In lieu of graded debut
Cross his number out

#5 – Too Experience
A local fixture
Progressing nicely, hot jock
There’s plenty to like

#6 – Crimson Knight
Wins came in claimers
The air starts to get thinner
Climbing the mountain

#7 – Free Entry
Moving up the ranks
Lone loss is to Uncle Mo
Overlay hazard

#8 – Moonhanger
Big maiden winner
Other efforts are shaky
Hopes are not sky high

#9 – Watch Me Go
Sunshine stakes mainstay
Best efforts came a class down
Nice allowance horse

#10 – Brethren
Derby pedigree
Plowed through shaky opponents
Still seeking first test

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Predictable tilt
No one touches number ten
Five, one and seven

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Deal or No Deal: 2011 Kentucky Derby Future Wager

Soldat could end up being worth a look in the first pool of the Kentucky Derby Future Wager.

There are few things that please a horse racing fan more than being the first in his or her group to pick the Kentucky Derby (G1) winner.

The first opportunity to put some money behind that boasting will come this weekend when betting opens for the first Kentucky Derby Future Wager pool.

The first of three pools opens Friday, Feb. 18 at noon and closes Sunday, Feb. 20 at 6 p.m.. There are 23 horses listed as individual betting interests, with the rest lumped together as “The Field”.

A lot can happen between now and the first Saturday in May. Horses can emerge from obscurity just as easily as they can be knocked off the Derby trail. The future pools allow bettors to do some long-term speculating and hopefully catch a horse at odds higher than they might be on Derby day.

Of course, these bets come at a time when no horse, even with enough earnings, is guaranteed to be in the gate for the big race. Like all long-term investments, those are just the accepted risks of the game. The trick is finding the horses with the best chance to reward that risk.

Each year, I take a look at the horses offered in the first pool and try to single out a few who might be worthy of such a ludicrous wager and others who will probably offer more value on Derby day.

The whole situation can feel like staring down the banker’s offer on the game show “Deal or No Deal”. A horse may look tempting at the odds it gives in this pool, but that price could change drastically depending on the twists and turns of the Derby trail, just like the banker’s offer can fluctuate depending on which suitcases are opened. Some horses are worth taking the banker’s deal at the odds you’ll see this weekend. Others should be held on to until the final suitcase is opened.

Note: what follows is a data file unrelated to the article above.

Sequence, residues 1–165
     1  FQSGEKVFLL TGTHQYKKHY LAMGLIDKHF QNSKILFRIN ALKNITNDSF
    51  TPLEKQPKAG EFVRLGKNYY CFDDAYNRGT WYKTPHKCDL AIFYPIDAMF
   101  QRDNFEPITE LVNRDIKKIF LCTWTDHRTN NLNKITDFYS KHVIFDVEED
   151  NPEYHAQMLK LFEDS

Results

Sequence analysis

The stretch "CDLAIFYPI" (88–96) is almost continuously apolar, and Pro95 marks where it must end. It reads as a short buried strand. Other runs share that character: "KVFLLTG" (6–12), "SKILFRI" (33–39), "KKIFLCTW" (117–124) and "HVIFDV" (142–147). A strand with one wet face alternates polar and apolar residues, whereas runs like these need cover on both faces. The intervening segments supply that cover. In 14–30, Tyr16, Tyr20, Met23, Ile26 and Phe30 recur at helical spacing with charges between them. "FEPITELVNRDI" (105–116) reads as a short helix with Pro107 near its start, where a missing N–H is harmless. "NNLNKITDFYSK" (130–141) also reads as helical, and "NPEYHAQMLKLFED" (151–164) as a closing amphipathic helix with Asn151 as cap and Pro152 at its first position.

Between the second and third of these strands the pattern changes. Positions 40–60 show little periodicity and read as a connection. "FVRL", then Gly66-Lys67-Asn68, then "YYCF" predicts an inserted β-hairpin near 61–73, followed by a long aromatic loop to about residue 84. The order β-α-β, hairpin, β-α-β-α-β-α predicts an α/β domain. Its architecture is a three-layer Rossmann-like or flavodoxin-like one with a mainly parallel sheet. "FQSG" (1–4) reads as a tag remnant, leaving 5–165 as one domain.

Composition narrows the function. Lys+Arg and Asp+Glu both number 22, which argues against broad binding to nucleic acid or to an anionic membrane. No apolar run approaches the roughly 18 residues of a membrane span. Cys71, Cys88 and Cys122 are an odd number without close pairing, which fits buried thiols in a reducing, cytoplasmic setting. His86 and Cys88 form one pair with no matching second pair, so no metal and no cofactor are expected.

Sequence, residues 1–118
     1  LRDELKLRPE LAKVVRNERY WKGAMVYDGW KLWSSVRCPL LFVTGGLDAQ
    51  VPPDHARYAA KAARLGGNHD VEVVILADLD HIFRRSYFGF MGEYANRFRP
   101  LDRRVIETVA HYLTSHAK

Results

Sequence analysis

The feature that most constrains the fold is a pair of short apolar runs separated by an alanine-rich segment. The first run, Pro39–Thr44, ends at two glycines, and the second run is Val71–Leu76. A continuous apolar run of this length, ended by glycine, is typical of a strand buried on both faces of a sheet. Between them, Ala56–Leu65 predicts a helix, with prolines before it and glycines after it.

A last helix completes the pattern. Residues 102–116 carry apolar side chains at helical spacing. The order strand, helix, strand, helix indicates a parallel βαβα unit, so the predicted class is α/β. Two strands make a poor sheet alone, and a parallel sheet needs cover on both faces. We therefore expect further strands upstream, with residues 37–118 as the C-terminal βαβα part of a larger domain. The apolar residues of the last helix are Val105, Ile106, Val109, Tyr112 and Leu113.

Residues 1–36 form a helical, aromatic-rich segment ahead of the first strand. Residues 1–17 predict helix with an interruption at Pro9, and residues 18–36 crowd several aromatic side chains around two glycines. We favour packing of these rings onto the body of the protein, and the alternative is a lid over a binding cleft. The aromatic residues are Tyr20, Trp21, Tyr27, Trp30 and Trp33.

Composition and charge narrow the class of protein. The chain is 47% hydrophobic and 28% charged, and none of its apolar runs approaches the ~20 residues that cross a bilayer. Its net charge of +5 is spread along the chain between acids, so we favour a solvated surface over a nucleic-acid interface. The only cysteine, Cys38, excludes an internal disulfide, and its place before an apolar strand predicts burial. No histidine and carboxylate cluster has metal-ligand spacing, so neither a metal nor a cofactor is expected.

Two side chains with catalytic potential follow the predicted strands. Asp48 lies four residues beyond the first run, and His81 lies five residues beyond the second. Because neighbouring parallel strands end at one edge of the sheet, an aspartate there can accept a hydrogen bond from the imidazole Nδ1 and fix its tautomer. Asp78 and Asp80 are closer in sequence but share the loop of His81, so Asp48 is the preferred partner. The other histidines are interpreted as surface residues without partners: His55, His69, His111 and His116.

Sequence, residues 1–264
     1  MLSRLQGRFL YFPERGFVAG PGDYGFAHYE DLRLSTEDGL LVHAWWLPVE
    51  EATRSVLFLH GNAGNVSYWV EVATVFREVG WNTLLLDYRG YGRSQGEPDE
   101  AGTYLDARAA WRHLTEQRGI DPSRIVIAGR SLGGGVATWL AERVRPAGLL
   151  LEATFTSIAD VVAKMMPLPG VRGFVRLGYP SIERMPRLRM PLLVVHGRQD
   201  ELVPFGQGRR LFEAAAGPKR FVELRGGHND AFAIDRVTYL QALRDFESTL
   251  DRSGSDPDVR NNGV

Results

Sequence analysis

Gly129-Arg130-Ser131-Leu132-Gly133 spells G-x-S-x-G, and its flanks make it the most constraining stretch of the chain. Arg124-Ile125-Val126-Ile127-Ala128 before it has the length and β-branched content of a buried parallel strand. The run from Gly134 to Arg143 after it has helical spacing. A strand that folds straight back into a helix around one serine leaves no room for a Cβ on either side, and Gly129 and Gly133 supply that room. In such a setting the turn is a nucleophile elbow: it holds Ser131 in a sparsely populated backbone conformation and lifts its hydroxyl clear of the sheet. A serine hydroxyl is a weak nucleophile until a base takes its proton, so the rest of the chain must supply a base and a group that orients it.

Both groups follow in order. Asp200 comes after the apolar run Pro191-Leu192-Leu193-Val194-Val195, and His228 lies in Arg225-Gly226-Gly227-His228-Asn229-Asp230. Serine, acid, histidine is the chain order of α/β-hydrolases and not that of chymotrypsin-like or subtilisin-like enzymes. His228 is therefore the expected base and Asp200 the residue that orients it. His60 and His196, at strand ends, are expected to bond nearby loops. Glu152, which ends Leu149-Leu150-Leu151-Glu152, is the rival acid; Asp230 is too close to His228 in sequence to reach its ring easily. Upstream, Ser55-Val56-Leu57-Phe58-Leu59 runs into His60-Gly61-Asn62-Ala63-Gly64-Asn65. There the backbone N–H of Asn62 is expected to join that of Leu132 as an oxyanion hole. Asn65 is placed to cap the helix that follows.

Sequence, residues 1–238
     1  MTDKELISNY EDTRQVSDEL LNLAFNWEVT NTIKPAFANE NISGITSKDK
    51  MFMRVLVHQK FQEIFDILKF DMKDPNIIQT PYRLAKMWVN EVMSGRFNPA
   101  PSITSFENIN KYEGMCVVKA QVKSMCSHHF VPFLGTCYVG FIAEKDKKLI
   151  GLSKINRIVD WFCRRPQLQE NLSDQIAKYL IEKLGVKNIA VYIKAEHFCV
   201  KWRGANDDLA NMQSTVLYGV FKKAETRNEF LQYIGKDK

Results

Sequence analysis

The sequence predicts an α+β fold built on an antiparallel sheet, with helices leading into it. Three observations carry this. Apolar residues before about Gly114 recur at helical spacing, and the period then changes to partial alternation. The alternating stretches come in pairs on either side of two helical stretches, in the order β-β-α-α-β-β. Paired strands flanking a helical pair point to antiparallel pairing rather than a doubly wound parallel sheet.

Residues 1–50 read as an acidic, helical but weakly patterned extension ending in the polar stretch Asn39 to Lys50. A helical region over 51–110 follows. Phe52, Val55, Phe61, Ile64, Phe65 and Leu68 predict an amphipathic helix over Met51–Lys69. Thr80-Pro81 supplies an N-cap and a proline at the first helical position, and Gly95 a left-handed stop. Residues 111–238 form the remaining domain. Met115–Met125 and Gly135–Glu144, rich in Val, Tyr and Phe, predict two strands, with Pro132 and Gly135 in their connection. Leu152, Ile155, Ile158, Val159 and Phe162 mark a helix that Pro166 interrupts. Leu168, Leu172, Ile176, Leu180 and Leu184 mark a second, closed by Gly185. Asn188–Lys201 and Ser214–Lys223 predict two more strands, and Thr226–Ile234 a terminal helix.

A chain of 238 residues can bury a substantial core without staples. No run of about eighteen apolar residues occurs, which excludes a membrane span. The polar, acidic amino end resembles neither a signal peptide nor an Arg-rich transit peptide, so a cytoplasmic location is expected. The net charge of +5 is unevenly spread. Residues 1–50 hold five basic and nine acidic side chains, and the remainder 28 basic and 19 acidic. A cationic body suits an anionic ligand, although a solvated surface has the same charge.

The question is…Deal or No Deal?

A verdict of “Deal” means a horse should be considered for a bet in this particular pool and could give a higher price now than it will later. “No Deal” means bettors should pass for now.

Please keep in mind these speculations are based solely on the morning line odds set by Churchill Downs handicapper Mike Battagalia. The odds can, and will, fluctuate according to the action in the pari-mutuel pools, which could negate some of my statements – especially if a horse is entered to race this weekend.

Also, unless otherwise noted, this is not an analysis of talent, but a projection of betting value. Just because a horse is labeled a “No Deal” does not mean I do not think it is capable of winning the Kentucky Derby, and vice versa.

For a full list of the future pool horses, along with free Daily Racing Form past performances, click here.

Deal

Anthony’s Cross
Odds: 30-1

Anthony’s Cross showed gritty determination edging out Riveting Reason for the win in last Saturday’s Robert B. Lewis Stakes (G2) at Santa Anita. The Indian Charlie colt has improved with added distance and appears to have overcome early difficulties with leaving the starting gate.

Above all, there is one reason to take a chance on this horse – He broke his maiden at Churchill Downs under Calvin Borel. Three wins out of the last four Derbies, including 50-1 shot Mine That Bird, means that any horse Borel chooses to ride in the race automatically becomes live. If Anthony’s Cross continues to improve throughout the spring, their past experience together could lead the rider to take a good, long look at riding this horse.

On that same note, any horse Borel chooses to ride will likely be bet into the ground on Derby day. It will take a long string of “No Factor” mounts for him to sneak in with another high-priced horse, just because every bettor in America knows what he’s capable of in that race. There are a lot of “ifs” and “maybes” in the equation, but if Anthony’s Cross makes it to the Churchill Downs gate and Calvin Borel decides to ride him, he won’t give anything close to what he’ll give this weekend.

No Deal

Decisive Moment
Odds: 50-1